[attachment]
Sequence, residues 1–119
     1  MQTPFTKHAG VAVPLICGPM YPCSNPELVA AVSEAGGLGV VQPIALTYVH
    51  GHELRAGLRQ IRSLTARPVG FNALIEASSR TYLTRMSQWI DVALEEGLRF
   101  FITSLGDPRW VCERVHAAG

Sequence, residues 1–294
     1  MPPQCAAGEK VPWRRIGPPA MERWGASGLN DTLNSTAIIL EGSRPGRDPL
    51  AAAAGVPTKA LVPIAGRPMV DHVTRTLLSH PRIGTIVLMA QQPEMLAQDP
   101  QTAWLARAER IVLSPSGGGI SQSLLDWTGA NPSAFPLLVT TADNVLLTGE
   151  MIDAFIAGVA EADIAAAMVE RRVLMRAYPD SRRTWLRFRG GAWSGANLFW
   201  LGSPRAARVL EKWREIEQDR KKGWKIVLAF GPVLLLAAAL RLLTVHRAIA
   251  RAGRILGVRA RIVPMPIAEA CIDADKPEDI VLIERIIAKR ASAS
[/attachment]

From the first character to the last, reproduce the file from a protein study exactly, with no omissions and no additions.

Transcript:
Sequence, residues 1–119
     1  MQTPFTKHAG VAVPLICGPM YPCSNPELVA AVSEAGGLGV VQPIALTYVH
    51  GHELRAGLRQ IRSLTARPVG FNALIEASSR TYLTRMSQWI DVALEEGLRF
   101  FITSLGDPRW VCERVHAAG

Sequence, residues 1–294
     1  MPPQCAAGEK VPWRRIGPPA MERWGASGLN DTLNSTAIIL EGSRPGRDPL
    51  AAAAGVPTKA LVPIAGRPMV DHVTRTLLSH PRIGTIVLMA QQPEMLAQDP
   101  QTAWLARAER IVLSPSGGGI SQSLLDWTGA NPSAFPLLVT TADNVLLTGE
   151  MIDAFIAGVA EADIAAAMVE RRVLMRAYPD SRRTWLRFRG GAWSGANLFW
   201  LGSPRAARVL EKWREIEQDR KKGWKIVLAF GPVLLLAAAL RLLTVHRAIA
   251  RAGRILGVRA RIVPMPIAEA CIDADKPEDI VLIERIIAKR ASAS